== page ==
The greatest play of the twenty-first century? A good play elevated by an extraordinary lead performance? A nostalgic, nationalistic relic of a pre-Brexit age?
All of these accusations have been levelled at ‘Jerusalem’, but it feels like the only unarguable truth as it returns is that Jez Butterworth’s 2009 drama – combined with Mark Rylance’s lead performance – is the most hyped play of our lifetimes, perhaps the most hyped play ever by a living writer.
It’s a hell of a weight for one show to carry. And in keeping the original production alive, director Ian Rickson and team haven’t allowed ‘Jerusalem’ to pass into glorious legend: it has to live up to its reputation.
And it does.
I saw it once before, in 2011, on the last of its three previous London runs. As I recall, there have basically been no changes. From Ultz’s verdant set of lush, towering trees overlooking a shabby caravan that seems to have simply been dropped in the Avon countryside to Rylance’s shamanic turn as the caravan’s inhabitant, Johnny ‘Rooster’ Byron, it’s all as I remember it.
And yet… ‘Jerusalem’ remains fresh and unexpected. In a weird way, its legend contributes to that: it’s been the subject of so much serious-minded discourse that it’s almost confounding to be thrown into a foul-mouthed comedy about Rylance’s drug-dealing old vagabond Byron and his various addled hanger-oners as they bum about the caravan, from which Rooster is due for imminent eviction as a public nuisance.
Hot media takes issued in advance of the play’s return have ranged from hand-wringing about whether its consideration of rebellious Englishness might now feel a bit Brexity to arguments that nobody would dare make it today because of political correctness gone mad. But watching it again, this all feels very silly. To say Byron represents nostalgia for an old England is to totally gloss over the fact he’s an actual Little England nightmare incarnate. And to say ‘Jerusalem’ wouldn’t be written now is to be wilfully blind to the fact that Butterworth’s plays haven’t felt in sync with prevailing trends since at least the ‘90s. (One concession to 2022 is a new programme essay from Gypsy, Roma and Traveller campaigner Tom Margetson – I don’t think Byron is meant to be a realistic portrait of a Traveller, but certainly he gets called ‘gyppo’ a lot, and the essay is welcome).
The endless discussions of ‘Jerusalem’ feels a bit irrelevant when you’re confronted by the reality of it
Really, this country’s simplistic, binary debates about nationalism are inadequate at framing Rylance’s ambivalent, unruly Byron. On one level, Butterworth is entirely uncelebratory of him: despite his charm, wit and gloriously florid phrasing, he’s also an out-of-control alcoholic whose coterie of ‘friends’ laugh at videos of him lying about paralytic and clearly only hang out with him for the Es and whizz. Even if he seems utterly unbothered by this, he is unarguably made to look pathetic in the second act when his sweet, wide-eyed son Marky is dropped off by the boy’s mother, Dawn (Indra Ové), for a promised trip to the local fair, and Byron feebly mumbles an excuse to get out of it. He is irresponsible, and not in a charming Robert Downey Jr style, just an old-school deadbeat dad way.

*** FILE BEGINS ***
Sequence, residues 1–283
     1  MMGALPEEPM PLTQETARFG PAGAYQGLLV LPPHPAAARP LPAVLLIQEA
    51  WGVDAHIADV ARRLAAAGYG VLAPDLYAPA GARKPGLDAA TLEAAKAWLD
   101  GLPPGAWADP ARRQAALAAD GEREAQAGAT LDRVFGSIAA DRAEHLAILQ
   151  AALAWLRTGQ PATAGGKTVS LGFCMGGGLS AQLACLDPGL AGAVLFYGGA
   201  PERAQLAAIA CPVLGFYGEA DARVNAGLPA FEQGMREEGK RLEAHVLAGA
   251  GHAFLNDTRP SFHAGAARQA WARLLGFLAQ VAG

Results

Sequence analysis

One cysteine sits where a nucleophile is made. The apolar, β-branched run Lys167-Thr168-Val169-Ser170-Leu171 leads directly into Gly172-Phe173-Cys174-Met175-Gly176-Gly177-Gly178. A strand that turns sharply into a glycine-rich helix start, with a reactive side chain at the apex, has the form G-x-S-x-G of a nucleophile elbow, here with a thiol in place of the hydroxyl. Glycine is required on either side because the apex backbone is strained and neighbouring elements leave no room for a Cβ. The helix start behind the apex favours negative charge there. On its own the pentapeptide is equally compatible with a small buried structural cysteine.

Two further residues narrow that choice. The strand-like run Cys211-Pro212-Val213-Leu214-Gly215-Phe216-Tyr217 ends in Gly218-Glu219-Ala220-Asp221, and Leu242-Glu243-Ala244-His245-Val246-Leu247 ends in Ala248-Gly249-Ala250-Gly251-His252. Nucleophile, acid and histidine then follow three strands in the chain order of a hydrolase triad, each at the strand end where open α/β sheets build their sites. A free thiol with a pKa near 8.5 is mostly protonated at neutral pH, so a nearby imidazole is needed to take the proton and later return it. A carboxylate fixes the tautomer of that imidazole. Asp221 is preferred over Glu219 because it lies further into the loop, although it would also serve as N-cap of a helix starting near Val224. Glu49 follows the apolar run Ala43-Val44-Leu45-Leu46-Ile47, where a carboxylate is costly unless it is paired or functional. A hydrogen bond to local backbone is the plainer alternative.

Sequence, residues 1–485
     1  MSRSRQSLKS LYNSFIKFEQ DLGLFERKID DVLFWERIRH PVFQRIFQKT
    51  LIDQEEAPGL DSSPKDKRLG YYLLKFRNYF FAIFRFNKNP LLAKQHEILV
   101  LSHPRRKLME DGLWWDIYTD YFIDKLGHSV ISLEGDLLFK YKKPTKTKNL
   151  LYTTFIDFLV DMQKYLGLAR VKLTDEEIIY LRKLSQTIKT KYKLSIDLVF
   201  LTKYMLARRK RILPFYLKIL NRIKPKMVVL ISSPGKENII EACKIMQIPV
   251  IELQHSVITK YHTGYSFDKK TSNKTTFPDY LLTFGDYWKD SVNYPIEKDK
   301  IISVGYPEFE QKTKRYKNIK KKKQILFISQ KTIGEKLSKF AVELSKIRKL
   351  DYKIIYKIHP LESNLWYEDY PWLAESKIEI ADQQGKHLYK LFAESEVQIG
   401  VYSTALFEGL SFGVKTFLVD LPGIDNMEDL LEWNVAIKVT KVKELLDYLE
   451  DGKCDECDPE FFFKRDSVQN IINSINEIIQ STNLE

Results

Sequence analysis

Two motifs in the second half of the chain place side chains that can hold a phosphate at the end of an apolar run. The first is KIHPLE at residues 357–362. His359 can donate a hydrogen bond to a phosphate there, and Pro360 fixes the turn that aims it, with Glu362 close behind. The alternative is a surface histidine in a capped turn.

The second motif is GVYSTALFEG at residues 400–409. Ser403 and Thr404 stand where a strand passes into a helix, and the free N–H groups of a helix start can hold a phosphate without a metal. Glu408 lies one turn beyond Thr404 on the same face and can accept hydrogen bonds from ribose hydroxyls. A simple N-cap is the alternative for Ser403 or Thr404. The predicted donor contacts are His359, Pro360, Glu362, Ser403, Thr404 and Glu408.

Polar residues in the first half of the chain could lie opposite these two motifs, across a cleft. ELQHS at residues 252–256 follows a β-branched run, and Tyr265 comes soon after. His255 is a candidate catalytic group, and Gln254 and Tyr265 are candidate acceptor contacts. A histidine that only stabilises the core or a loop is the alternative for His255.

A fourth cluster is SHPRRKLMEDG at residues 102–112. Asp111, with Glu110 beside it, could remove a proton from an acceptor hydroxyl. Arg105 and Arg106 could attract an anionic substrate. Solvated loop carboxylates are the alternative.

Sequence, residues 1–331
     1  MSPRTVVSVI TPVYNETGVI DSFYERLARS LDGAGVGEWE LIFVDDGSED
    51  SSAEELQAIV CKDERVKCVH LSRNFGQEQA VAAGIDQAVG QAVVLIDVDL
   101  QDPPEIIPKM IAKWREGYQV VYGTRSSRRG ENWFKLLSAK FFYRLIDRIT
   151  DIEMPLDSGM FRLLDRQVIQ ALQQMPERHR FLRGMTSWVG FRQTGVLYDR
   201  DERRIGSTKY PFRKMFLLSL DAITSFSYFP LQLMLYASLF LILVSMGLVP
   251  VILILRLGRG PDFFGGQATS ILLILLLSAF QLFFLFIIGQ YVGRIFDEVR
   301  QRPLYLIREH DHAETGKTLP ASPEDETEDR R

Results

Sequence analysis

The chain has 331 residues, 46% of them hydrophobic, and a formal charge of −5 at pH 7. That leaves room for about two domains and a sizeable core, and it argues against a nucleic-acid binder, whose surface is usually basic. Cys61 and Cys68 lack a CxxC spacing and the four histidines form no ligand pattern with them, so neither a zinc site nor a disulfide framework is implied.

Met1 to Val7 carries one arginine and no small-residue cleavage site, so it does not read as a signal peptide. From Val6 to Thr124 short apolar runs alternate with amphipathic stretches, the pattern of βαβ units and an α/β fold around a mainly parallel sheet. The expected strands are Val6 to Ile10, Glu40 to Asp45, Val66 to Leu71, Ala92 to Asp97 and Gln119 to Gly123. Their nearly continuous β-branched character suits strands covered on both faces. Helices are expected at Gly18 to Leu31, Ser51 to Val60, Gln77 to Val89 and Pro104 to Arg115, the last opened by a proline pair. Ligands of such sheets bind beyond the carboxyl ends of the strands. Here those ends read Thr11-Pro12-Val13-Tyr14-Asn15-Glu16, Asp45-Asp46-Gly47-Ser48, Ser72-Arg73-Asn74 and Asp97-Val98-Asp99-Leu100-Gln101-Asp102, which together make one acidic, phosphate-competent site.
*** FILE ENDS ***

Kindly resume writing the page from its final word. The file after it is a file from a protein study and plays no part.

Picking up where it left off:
But then, there’s something about his sheer irrepressible nature that defies pity or revulsion. And for all his pathetic human frailties, the suggestion – intrinsically begged by Rylance’s superhuman performance – gnaws away that Rooster is somehow not entirely of our universe. There’s the very funny account from his pal Ginger (Mackenzie Crook, returning from the first cast) of how Byron apparently came back from the dead once; there’s Byron’s own story about how he once met an 80-foot giant who gave him a golden drum; he has many fantastical anecdotes that seem like addled, self-mythologising bullshit… but the thought increasingly occurs that perhaps everything Byron is saying might be true. Is he just a decrepit druggie, about to be finally crushed by the boring tide of southwestern suburbia? Or is he an ancient spirit of the woods, a last trace of an older, wilder, more dangerous world that we turned our backs on?
Key to Rylance’s titanic performance is that he’s effectively both at the same time: a limping, mumbling addict who is hated by the locals, finally reaping what he's recklessly sown; and a stocky, physically assured man who performs athletic headstands, knows the answer to every single question in Trivial Pursuit (sometimes even before it’s asked) and shares stories of supernatural beings he’s met with deadly earnestness. Rylance performs him as a frail human and a powerful folkloric being all at once; his Byron is the possibility of magic in this world, but also the probability of extreme disappointment. The play climaxes just as the wild magic is finally invoked and the giants are summoned. Is any of it real? On one level, we never find out; on the other, Rylance’s extraordinary final monologue, in which reality seems to warp and the room converges entirely on him, is clearly magic happening right in front of our eyes.
I doubt the legacy of ‘Jerusalem’ is really going to be settled until Mark Rylance leaves it, because the power of Rooster Byron as a character is so hard to separate from his performance (there have been smaller productions around the world, nothing approaching the scale of this one). Which is just fine: all the endless discussion of the play feels a bit irrelevant when you’re confronted by the elemental reality of the thing itself. Leave it to future generations to decide where it goes on a list. For a few months, it has returned to our dark, satanic mills. Come, you giants!
‘Jerusalem’ is virtually sold out. However, fresh tickets are released at 10am on Monday for that week’s performances from JerusalemThePlay.co.uk. And a limited number of day seats are available from the Apollo Theatre box office at 10am each morning (queue early!).